Last year, 720 people in the United States became infected with West Nile virus, a potentially serious illness that is spread through the bite of a mosquito -- the Culex mosquito -- that has first fed on infected birds. Such mosquitoes have the virus eventually located in their salivary glands and transmit the disease to humans and animals when they bite to draw blood.
To understand the genetic makeup of the Culex mosquito, and how the insect is able to transmit this and other viruses, an international team of scientists, led by geneticists at the University of California, Riverside, has sequenced the genome of Culex quinquefasciatus, a representative of the Culex genus (or group) of mosquitoes.
A close study of the genome, the researchers say, could give scientists the clues they need to target specific Culex genes that are involved in the transmission of West Nile virus, St. Louis encephalitis, lymphatic filariasis and other diseases spread by the Culex group of mosquitoes. Knowledge of such genes would be an important step in developing strategies to combat the spread of these pathogens.
The genomes of Anopheles gambiae (which transmits malaria) and Aedes aegypti (which transmits yellow fever and dengue) were published in 2002 and 2007, respectively. Now, with the sequencing of Culex quinquefasciatus, scientists have completed the triangulation of entire genome sequences of three genera of mosquitoes that are the main vectors of deadly human diseases, and will have access to representative genomes from the three mosquito groups.
"We can now compare and contrast all three mosquito genomes, and identify not only their common genes but also what is unique to each mosquito," said Peter Arensburger, an assistant research entomologist in the Center for Disease Vector Research and the Department of Entomology, who led the substantial bioinformatics component of the multiyear research effort. "Moreover, now that we have sequenced the Culex genome, we can begin to identify which mosquito genes get turned on or turned off in response to infection -- knowledge that is critical to developing strategies for preventing the transmission of West Nile virus and other disease vectors."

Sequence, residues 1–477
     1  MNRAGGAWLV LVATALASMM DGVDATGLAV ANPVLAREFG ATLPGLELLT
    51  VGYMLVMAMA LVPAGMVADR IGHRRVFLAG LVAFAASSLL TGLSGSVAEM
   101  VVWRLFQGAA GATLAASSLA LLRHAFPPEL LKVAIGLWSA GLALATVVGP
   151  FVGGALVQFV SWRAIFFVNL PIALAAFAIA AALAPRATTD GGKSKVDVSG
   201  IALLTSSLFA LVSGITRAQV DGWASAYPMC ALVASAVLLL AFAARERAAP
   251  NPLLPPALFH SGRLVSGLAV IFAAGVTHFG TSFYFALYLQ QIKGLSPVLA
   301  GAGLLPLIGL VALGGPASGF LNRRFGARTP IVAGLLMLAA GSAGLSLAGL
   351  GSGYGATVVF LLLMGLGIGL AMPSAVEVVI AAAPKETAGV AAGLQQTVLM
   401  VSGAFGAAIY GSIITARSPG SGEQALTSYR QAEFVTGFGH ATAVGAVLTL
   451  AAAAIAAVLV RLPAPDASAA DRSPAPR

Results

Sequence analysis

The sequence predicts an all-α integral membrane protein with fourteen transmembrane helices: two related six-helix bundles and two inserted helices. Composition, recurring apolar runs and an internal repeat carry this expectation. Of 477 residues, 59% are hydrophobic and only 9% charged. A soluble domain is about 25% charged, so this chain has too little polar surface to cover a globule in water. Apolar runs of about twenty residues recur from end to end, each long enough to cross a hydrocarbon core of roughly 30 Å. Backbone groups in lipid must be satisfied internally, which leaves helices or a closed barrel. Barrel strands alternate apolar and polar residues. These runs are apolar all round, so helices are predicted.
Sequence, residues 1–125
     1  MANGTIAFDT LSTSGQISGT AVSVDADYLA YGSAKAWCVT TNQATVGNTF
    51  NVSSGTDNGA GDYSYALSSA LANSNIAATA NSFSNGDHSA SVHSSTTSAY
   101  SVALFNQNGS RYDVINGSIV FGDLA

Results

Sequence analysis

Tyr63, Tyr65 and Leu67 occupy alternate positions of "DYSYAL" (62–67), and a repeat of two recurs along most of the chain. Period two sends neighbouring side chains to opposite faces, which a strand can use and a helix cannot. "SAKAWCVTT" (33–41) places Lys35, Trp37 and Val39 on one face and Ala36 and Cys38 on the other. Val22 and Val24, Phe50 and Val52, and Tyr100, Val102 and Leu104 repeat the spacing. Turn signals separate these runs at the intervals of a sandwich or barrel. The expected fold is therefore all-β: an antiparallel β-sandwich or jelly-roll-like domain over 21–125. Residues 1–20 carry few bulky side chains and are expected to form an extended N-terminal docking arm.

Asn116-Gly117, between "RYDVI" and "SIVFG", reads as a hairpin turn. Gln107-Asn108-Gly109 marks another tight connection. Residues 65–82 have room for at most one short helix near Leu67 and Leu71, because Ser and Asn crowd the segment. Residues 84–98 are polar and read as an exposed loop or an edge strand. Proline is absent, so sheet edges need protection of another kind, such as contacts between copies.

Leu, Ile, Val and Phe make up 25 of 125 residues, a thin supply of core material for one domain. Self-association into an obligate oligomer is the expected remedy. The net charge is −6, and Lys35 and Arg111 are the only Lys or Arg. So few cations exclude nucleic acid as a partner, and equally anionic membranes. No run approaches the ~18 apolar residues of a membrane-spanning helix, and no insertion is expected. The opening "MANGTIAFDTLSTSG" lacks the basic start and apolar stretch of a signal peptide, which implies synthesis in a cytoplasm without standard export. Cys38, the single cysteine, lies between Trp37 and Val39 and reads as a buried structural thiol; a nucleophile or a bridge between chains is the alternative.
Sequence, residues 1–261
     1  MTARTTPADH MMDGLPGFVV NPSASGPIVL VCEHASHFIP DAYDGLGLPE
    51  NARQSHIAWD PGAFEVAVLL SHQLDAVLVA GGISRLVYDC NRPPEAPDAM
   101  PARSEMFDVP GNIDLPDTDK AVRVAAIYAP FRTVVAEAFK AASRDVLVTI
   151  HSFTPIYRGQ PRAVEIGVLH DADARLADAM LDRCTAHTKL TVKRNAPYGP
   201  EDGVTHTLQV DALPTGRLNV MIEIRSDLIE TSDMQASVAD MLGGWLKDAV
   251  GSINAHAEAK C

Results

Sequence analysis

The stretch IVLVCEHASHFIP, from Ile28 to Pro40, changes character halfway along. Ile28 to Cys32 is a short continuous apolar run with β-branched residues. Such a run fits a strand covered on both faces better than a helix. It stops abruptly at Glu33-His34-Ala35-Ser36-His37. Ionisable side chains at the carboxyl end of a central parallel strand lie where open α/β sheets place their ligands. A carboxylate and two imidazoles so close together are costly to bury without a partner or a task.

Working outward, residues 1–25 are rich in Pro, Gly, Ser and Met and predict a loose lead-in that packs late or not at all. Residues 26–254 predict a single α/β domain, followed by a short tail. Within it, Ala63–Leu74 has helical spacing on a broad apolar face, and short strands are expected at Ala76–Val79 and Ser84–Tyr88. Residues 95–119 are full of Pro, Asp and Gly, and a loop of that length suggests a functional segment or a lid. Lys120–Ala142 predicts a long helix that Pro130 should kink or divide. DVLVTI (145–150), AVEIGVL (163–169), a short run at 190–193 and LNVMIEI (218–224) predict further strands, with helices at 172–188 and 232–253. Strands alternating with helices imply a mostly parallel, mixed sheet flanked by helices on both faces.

Study results appear in the Oct. 1 issue of Science.
The researchers report that Culex quinquefasciatus, also known as the southern house mosquito, has a genome size of 579 million nucleotides, which is intermediate between the genome sizes of Anopheles gambiae (278 million nucleotides) and Aedes aegypti (about 1380 million nucleotides). However, Culex quinquefasciatus has a higher number of genes (18,883 genes) than Anopheles gambiae (12,457 genes) or Aedes aegypti (15,419 genes).
"We do not know why this is the case," said Arensburger. "Culex quinquefasciatus is very widely distributed throughout the globe; the same species is found in California and South Africa. It is possible that the large number of genes in this mosquito helped it survive in a wide variety of habitats."
The researchers also report that the genome for Culex quinquefasciatus bears more similarity to the Aedes aegypti genome than the Anopheles gambiae genome.
Thirty-seven institutions collaborated with UC Riverside on the research project that began in 2004. Besides Arensburger, the UCR team includes Peter Atkinson, the director of the Center for Disease Vector Research and a professor of entomology, and Alexander Raikhel, a distinguished professor of entomology.
"We coordinated with researchers around the world to accomplish the sequencing of the Culex genome," said Atkinson, the senior author of the study and the principal investigator of the grants that funded UCR's contribution to the research. "We could not have done this without the outstanding computing support we received from UCR's Institute for Integrative Genome Biology. It enabled us to perform vast and complex analyses here on campus, and gave us the confidence to get the project going and completed."
With more than 1,200 described species, Culex is the most diverse and geographically widespread of the three mosquito genera. The adult mosquito measures 4-10 millimeters. Only females spread disease. Culex-transmitted diseases, such as West Nile virus, are difficult to eradicate because birds and animals the mosquito feeds on are mobile, capable of spreading disease quickly over large areas.
West Nile virus first appeared in the United States in the summer of 1999. Since then it has been found in all 48 contiguous states.
The research paper in Science is accompanied by a second paper, led by researchers at Boston College, Mass., and Iowa State University, that focuses on a set of immune genes in Culex quinquefasciatus. The paper explores why some of these genes are "upregulated" (show an increase in gene expression) while others are "downregulated" in response to pathogens. Arensburger, Atkinson and Raikhel are coauthors on the companion paper in the same issue of Science on Culex immunobiology with Raikhel's laboratory contributing significantly to this work.
With the sequencing of the Culex quinquefasciatus genome completed, UCR researchers will focus next on genes of particular interest to efforts aimed at preventing the spread of human diseases by these mosquitoes.
Grants from the National Institutes of Health supported UCR's contribution to the research.
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